Do you think Computer Science equals building websites and mobile apps?
Are you feeling that you are doing repetitive and not so intelligent work?
Are you feeling a bit sick about reading manuals and copy-pasting code and keep poking around until it works all day long?
Do you want to understand the soul of Computer Science?
If yes, read SICP!!!
This is the second part of a two part series, you can find the first part here.
The main topic of this post is
How to build
Boolean value true and false using only functions?
Let’s take a look at the general idea of a boolean.
if bool ? first : second
So here we see that the practical meaning of a boolean is to make choices. The program does not care whether something is really true or not, it only need to use it to make choices.
The above example code says that if
bool is TRUE, it returns
first, else returns
second. This sounds very familiar, yes, they are
KI. So actually we already have boolean functions.
(define T K) (define F KI)
Not function takes
F and vice versa.
;; NOT := λp. p F T (define (NOT p) ((p F) T))
Just try the NOT function, it actually works.
There is another way to think about
T is a function that returns the first argument, and
F is function that returns the second argument. Imagine after applying
NOT to them,
T will return the second argument and
F will return the first argument. So
NOT changes the behavior of
F, as if the order of the arguments have been switched. Emmm, what function switches arguments?
;; AND := λpq. p q p (define (AND p) (lambda (q) ((p q) p)))
Try all 4 combinations and prove that this is actually AND.
;; OR := λpq. p p q (define (OR p) (lambda (q) ((p p) q)))
If we ignore the
q here, then
M! Actually they behave the same way. You can try it yourself.
OK, enough logic, let’s talk about numbers.
To define numbers as function, we need to make some slight changes. Instead of one two three, we are using once twice thrice. Because of reasons ;)
;; N1 := λfa. f a (define N1 (lambda (f) (lambda (a) (f a))))
N1 is a function that takes
a and calls
f once on
N2 can be defined similarly as:
;; N2 := λfa. f (f a) (define N2 (lambda (f) (lambda (a) (f (f a)))))
f twice on
Let’s also define
;; N3 := λfa. f (f (f a)) (define N3 (lambda (f) (lambda (a) (f (f (f a))))))
I think you get the idea, our number system is defined by how many times we apply a function
f to an argument
What is 0? It is calling
a zero times.
;; N0 := λfa.a (define N0 (lambda (f) (lambda (a) a)))
N0 looks familiar, it is
Also look back at
N1 := λfa. f a, if we see
f a as together, then
So 0 is false and 1 is identity, this should’ve put a smile on your face.
SUCC function will add 1 to a given number.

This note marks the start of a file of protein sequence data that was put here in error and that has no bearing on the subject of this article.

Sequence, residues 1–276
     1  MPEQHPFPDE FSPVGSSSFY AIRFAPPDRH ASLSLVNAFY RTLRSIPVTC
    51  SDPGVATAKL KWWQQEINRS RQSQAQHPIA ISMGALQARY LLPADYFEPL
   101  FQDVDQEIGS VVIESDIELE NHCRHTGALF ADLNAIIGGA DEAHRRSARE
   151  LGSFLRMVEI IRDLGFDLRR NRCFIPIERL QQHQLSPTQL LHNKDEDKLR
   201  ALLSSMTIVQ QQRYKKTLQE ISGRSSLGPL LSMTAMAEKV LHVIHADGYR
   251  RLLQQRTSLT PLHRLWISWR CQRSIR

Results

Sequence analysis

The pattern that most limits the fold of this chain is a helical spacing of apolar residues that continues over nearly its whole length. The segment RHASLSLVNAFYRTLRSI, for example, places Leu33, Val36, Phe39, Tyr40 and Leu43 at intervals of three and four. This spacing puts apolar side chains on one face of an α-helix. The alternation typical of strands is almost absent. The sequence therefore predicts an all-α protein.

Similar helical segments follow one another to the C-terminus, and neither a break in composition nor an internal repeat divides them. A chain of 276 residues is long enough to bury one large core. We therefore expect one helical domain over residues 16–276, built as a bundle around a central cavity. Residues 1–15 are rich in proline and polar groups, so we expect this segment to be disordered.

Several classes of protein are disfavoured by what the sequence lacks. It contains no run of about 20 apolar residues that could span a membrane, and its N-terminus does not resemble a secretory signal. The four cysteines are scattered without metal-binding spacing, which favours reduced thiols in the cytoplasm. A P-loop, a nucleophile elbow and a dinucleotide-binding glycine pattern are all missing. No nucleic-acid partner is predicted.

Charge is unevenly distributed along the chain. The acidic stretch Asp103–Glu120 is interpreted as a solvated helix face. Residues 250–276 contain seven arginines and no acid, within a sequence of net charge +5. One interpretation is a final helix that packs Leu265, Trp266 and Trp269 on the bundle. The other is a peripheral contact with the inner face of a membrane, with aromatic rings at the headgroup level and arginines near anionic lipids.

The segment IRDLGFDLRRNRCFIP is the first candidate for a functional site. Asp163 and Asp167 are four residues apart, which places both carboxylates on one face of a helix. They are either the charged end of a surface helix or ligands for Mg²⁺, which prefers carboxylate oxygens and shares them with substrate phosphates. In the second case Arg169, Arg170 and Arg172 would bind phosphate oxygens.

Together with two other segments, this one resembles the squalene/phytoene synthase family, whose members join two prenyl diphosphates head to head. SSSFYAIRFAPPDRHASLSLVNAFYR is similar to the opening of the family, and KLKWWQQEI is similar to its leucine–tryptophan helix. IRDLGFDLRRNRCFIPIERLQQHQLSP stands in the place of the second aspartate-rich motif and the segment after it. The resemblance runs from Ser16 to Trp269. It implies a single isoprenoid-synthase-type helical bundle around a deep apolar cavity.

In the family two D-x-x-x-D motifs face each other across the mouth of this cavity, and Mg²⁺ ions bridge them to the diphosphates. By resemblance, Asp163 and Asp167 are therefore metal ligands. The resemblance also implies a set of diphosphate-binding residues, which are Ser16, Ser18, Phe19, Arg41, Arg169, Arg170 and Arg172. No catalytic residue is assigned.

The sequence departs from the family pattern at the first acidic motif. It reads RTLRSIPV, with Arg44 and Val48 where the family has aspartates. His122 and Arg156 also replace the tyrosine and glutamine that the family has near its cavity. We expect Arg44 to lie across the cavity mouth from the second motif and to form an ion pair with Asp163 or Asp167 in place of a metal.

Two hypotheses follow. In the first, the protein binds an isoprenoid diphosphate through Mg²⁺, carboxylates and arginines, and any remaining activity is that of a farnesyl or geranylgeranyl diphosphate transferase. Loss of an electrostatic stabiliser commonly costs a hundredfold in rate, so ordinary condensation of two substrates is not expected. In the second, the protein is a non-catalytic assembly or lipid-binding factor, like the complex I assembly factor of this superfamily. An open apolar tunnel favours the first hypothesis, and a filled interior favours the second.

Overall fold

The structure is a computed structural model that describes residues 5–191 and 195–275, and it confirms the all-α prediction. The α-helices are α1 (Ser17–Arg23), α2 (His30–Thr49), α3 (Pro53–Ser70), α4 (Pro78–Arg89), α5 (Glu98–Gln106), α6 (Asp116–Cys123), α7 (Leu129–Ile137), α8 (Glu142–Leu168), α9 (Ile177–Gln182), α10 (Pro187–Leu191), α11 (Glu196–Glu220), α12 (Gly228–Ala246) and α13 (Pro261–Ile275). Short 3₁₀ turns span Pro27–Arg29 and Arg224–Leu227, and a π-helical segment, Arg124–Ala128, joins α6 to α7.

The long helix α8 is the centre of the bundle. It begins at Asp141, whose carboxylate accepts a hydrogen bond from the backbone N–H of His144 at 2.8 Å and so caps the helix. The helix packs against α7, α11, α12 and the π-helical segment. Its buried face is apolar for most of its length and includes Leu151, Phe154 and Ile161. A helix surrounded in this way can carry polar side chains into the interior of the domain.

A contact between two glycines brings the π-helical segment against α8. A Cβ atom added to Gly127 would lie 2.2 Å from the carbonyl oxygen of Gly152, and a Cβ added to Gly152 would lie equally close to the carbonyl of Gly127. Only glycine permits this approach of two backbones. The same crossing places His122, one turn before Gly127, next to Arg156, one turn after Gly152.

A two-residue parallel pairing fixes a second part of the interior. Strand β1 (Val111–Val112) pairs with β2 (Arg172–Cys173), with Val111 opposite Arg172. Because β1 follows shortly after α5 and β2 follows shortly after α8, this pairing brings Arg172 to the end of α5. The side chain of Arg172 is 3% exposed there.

SUCC N1 = N2 SUCC N2 = N3 SUCC (SUCC N1) = N3 ...
It is not very straightforward to implement
SUCC, so let’s take it slowly.
SUCC should take a church number
n and returns a new church number.
SUCC := λnfa.??
The new church number is simply calling
f once more. So we can just call
n times on
a first, and then call
f on the result.
SUCC := λnfa.f(nfa)
(define SUCC (lambda (n) (lambda (f) (lambda (a) (f((n f) a))))))
Now to verify all these, let’s translate the church numbers into real numbers.
to_real_numbers takes a church number
n andf calls it with
plus one funcation as
f and 0 as
a. For example,
N2 now means increase 1 twice on 0.
(define to_real_number (lambda (n) ((n (lambda (x) (+ x 1))) 0)))
Next, let’s introduce another bird: Blue Bird.
B acts like a function pipeline, or function composition.
Apply the outer most function with
a, take the result and pass it as a parameter for inner function, and keep doing this until there is no inner function anymore.
(define B (lambda (f) (lambda (g) (lambda (a) (f (g a))))))
;; the pipeline is N1 -> N2 -> 2 (((B to_real_number) SUCC) N1)
How to implement
(ADD N0 N3) = N3 (ADD N1 N3) = (SUCC N3) (ADD N2 N3) = (SUCC (SUCC N3))
We can see add
a can be seen as apply n times
;; ADD := λnk.n SUCC k (define ADD (lambda (n) (lambda (k) ((n SUCC) K))))
Again let’s use the example of
(MULT N2 N3).
We know the result should be
N6, which means apply some
f 6 times on some
But we can also say that it applies
f 3 times
;; MULT := λnkf.n(kf) (define MULT (lambda (n) (lambda (k) (lambda (f) (n (k f))))))
Wait a moment, look at the definition above, it is identical to
MULT is actually
I think we have come quite far. If you now look back at the Ex.2.6 mentioned in Part I, we not only can answer how to implement
ADD, we know how to implement